How to Keep Employees Safe on the Road

Each time an employee heads out on the road, you, as an employer, are taking a risk. If your employee drivers recklessly, there’s a chance that you may be held liable for damages and injuries in case of an accident. Road safety is of the utmost importance.

Here’s how to keep employees safe on the road.

1. Establish Written Policies and Procedures

To ensure that all employees are on the same page, it’s important to establish written policies and procedures related to road safety. These policies and procedures should emphasize your company’s commitment to safety and reducing traffic-related injury and death.

Be sure to go over all of these policies and procedures with employees to ensure that they understand what’s expected of them.

While you will likely have unique policies and procedures for your company, some of the most common safety tips include:

  • Wear a seatbelt at all times
  • Use a hands-free device if you must use your phone
  • Avoid taking medications that may impair driving and cause drowsiness
  • Avoid distractions
  • Take regular breaks
  • Be a safe, courteous driver

2. Ensure that All Vehicles are Properly Equipped and Maintained

It’s impossible to drive safely when employees are operating poorly maintained vehicles. It’s essential to ensure that all vehicles are properly maintained to avoid unnecessary accidents or repairs.

If you’re running a service-based business, such as mobile mechanic or plumbing company, you’ll need to ensure that your vehicles are properly equipped with all of the tools needed to get the job done. Tools and equipment should be properly stored to avoid safety risks.

3. Implement Proper Training

Every job is different. A driver’s behavior and habits in a previous position may not be suitable for a different position.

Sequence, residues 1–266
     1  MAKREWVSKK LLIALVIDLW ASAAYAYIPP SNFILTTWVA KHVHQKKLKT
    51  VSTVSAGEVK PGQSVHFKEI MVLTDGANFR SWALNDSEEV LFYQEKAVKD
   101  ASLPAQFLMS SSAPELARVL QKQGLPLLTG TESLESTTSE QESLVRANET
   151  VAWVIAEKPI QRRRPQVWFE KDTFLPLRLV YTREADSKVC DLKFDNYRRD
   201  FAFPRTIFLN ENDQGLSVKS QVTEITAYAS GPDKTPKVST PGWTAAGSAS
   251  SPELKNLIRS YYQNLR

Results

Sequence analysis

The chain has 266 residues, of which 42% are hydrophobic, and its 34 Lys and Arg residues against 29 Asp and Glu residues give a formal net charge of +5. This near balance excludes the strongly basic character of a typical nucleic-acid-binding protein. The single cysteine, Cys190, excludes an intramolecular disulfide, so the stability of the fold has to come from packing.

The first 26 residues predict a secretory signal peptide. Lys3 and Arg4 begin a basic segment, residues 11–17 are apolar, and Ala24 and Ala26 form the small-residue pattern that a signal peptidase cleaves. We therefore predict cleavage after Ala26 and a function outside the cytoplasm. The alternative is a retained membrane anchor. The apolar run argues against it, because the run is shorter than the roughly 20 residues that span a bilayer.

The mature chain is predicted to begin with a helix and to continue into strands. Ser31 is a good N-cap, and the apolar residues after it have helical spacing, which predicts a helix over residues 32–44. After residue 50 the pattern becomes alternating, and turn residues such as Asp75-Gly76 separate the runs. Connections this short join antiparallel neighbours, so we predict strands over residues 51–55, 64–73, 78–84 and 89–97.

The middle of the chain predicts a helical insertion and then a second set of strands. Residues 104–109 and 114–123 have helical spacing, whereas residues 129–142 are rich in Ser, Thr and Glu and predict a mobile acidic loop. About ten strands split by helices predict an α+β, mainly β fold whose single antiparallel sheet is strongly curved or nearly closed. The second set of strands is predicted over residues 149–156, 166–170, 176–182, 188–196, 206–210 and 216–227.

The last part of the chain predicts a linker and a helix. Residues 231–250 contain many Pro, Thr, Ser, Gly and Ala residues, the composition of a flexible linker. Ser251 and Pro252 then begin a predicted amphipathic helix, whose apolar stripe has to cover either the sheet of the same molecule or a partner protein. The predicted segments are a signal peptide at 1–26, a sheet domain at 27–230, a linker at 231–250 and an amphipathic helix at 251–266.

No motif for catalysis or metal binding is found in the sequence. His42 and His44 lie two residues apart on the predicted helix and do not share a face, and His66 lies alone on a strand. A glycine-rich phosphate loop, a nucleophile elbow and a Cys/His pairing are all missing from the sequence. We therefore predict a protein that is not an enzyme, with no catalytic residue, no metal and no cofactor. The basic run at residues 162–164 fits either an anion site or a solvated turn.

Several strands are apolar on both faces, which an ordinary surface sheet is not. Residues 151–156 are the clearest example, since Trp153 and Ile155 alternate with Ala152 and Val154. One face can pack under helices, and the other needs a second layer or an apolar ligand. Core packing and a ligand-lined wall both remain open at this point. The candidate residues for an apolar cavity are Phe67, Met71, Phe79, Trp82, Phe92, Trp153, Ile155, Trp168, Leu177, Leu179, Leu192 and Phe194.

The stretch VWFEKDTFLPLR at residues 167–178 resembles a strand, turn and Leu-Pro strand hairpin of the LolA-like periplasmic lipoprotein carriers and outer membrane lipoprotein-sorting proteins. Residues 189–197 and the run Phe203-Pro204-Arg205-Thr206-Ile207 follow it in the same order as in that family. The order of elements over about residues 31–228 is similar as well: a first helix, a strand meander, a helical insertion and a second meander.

Proper training will ensure that employees understand what you expect of them while driving and that all employees are on the same page when it comes to vehicle operation.

One way to train drivers is to create and implement a certification program. A certification program will ensure that you know your employees are well-qualified for the position. You may also consider requiring continual training to ensure that your employees’ skills are sharp and that they continue to adhere to your standards.

4. Make Sure Employees Have Breaks

A tired employee is a danger to themselves and other drivers on the road. OSHA estimates that drowsy and fatigued drivers may be involved in more than 100,000 crashes each year, resulting in nearly 2,000 deaths and more than 40,000 injuries.

Employers play a major role in driver safety. It is of the utmost importance to schedule in regular breaks where drivers have the opportunity to rest, stretch their legs, eat and rehydrate.

5. Create Incentives and Monitor Performance

Consider implementing an incentive program that will appeal to your employees to give them reason to remain a safe driver.

Additionally, you should consider establishing policies to monitor your employees’ performance. It may be a challenge to monitor performances when employees are alone, but you can keep tabs on complaints against the driver, passenger reports and police citations.

Author: Mike